“You can then encourage children to take an interest in their own health. I love those innovations in Aboriginal communities with kitchen gardens. Children can learn about growing food, cultivation and agriculture and also how to prepare that food. I remember, as a child, I loved to eat things that I had grown myself. There was something exciting about it.

“There’s also a view in the field that this is probably the best way to get these messages into families, through the children rather than through the parents. You can also integrate it into the school curriculum around health. There are lots of classroom exercises such as calculating what it costs to produce the food. In many instances, this is how you engage children who haven’t been engaged before.

“I am really keen for us to reward people for buying healthy food. It would cost so much less than subsidising medicines. We need to trial such approaches and then do the cost-benefit analysis. That’s the kind of work that we need urgently.”

Prof O’Dea also points to the importance of Aboriginal role models to encourage health and aspiration in the community. She points to the Indigenous peoples of New Zealand, Canada and the United States, where many Indigenous people are leaders in the wider community.

“We’ve got an increasing number of local role models now. These are some of the good stories. The Aboriginal doctors and nurses, the teachers need to be encouraged and celebrated. That’s very, very important so people see them as role models,” she says.

Asked what motivates her work, she pauses to consider.

“You go to Aboriginal communities and the little kids are running around, excited and having a lovely time, with bright sparkling eyes and then at a certain time, it’s like a screen comes down. It’s like they don’t have hope anymore, and that’s the thing that just breaks your heart,” she says.

“You really want children to feel like they’ve got great possibilities ahead in their life – we always want that for children. That, to me, is the biggest challenge and that’s what a lot of Aboriginal leaders like Noel Pearson say too.

You’ve got to be firm to be kind in the long term. Short-termism doesn’t work. You’ve got to take the long view.”

by Rachel Broadley

As the oldest Aboriginal and Torres Strait Islander Higher Education program in Australia, UniSA’s David Unaipon College of Indigenous Education and Research (DUCIER) plays an important part in bringing Aboriginal education into the mainstream.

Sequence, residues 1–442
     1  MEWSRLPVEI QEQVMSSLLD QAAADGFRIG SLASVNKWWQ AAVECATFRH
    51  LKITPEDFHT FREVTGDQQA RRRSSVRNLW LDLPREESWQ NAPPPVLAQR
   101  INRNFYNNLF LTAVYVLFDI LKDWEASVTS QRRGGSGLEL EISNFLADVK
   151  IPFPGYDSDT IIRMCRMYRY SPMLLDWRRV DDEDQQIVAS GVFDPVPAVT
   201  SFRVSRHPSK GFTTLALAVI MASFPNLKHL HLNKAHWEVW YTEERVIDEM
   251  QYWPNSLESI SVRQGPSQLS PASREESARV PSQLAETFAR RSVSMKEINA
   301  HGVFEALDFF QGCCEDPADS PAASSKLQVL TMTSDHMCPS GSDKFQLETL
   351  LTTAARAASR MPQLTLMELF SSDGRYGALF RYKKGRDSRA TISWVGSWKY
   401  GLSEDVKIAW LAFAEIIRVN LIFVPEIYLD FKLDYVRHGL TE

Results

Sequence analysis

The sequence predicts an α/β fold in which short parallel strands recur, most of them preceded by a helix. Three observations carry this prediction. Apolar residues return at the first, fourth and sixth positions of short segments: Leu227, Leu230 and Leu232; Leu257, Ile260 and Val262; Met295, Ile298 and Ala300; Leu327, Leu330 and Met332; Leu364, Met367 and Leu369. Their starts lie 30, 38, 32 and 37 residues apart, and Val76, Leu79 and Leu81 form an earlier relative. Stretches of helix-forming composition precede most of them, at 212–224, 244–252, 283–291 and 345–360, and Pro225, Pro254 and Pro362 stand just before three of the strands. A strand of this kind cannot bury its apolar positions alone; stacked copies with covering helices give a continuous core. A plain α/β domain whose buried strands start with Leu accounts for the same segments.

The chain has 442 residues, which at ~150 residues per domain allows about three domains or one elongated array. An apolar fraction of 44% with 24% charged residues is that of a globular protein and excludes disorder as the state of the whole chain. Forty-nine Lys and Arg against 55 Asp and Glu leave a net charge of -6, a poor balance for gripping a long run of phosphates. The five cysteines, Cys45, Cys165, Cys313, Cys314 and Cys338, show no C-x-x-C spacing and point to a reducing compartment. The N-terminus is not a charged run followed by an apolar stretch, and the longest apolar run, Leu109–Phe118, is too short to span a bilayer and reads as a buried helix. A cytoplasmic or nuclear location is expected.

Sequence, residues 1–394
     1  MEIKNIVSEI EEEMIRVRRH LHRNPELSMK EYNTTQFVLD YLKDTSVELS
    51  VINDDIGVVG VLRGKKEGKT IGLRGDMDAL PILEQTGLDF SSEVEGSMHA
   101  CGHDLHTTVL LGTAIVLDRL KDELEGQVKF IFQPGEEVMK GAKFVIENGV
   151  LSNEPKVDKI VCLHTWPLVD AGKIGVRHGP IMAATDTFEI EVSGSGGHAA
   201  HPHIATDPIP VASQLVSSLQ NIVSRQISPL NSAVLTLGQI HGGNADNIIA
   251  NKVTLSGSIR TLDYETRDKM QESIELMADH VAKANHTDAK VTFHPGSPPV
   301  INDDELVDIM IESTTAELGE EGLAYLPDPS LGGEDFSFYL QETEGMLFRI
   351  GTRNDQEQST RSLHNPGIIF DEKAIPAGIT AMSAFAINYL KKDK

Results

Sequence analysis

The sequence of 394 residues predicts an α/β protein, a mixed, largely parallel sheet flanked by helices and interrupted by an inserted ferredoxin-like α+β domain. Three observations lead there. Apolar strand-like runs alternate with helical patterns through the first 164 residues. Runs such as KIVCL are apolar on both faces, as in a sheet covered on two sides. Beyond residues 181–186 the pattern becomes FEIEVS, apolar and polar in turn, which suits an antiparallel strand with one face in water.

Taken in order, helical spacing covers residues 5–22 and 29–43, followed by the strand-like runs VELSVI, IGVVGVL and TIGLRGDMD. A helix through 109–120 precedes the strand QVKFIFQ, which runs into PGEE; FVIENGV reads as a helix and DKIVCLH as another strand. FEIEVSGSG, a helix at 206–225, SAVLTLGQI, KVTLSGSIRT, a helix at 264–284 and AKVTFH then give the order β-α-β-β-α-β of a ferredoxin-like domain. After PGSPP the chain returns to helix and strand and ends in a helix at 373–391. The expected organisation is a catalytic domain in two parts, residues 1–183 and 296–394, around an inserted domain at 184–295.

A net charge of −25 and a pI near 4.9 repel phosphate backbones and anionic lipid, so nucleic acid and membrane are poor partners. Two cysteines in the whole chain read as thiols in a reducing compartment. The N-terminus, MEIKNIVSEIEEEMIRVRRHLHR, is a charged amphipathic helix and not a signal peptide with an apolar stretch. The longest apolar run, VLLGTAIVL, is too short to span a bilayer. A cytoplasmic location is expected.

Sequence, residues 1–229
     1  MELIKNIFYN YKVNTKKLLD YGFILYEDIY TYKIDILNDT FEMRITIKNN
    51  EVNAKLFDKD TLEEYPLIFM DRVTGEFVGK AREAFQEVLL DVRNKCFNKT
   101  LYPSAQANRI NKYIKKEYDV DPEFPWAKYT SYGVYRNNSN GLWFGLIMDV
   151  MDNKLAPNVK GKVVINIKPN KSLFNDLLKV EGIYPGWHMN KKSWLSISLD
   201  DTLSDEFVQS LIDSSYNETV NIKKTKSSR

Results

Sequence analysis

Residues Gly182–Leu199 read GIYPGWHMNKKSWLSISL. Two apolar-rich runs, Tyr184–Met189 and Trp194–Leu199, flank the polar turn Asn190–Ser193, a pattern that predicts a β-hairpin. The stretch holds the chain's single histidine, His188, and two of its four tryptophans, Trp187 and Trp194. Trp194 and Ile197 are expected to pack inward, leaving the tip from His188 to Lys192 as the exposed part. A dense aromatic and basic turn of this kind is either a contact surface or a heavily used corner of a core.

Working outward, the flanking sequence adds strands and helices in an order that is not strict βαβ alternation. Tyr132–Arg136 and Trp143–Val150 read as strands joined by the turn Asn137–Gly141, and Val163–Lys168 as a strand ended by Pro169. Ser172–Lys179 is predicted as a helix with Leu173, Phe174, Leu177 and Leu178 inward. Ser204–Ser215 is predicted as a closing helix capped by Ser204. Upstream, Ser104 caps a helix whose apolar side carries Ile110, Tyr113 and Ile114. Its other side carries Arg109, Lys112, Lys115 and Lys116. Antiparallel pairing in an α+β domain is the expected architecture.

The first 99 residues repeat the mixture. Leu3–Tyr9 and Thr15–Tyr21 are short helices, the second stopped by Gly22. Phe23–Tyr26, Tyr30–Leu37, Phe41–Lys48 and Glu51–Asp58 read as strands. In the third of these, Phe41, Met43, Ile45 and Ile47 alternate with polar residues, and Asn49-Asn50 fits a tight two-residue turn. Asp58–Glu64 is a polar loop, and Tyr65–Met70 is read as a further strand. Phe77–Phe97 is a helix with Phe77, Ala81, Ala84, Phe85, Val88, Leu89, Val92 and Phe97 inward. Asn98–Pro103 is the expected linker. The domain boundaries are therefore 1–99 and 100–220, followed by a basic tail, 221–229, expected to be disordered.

Professor Peter Buckskin.As well as advising the University on all matters relating to Indigenous Australians, DUCIER offers awards in Indigenous Studies and Australian Studies from degree level through to PhD and research opportunities. DUCIER also provides academic support for Indigenous students.

In June 2011 the college was awarded $7.5 million from the Federal Government to research and implement ways of increasing the numbers of Aboriginal and Torres Strait Islander teachers in Australian schools.

The project will explore the potential for growth in teacher numbers by analysing demographics, looking at how teaching is promoted as a career, how recruitment can be enhanced and fostered, and how to encourage the retention and development of Indigenous teachers as Principals and senior education administrators.

Lead researcher for the More Aboriginal and Torres Strait Islander Teachers Project is Professor Peter Buckskin, Dean: Indigenous Scholarship, Engagement and Research, supported by Emeritus Professor Paul Hughes and Dr Kaye Price from the University of Southern Queensland.

Professor Peter Buckskin says the funding will provide an invaluable opportunity to develop a complete picture of what elements will garner and develop more Indigenous young people to become teachers and leading educators.

“We already know that while four per cent of students are Aboriginal or Torres Strait Islander, only one per cent of teachers are Indigenous,” Prof Buckskin says.

“We want to lift those numbers and get a better understanding of both the impediments and incentives that may help to increase the number of Indigenous people entering teaching.

“Our goal for the research is that it will underpin the development of many more lndigenous teachers enriching the learning experience of all Australian children, and in particular Indigenous children.”

by Rachel Broadley

UniSANewsRoom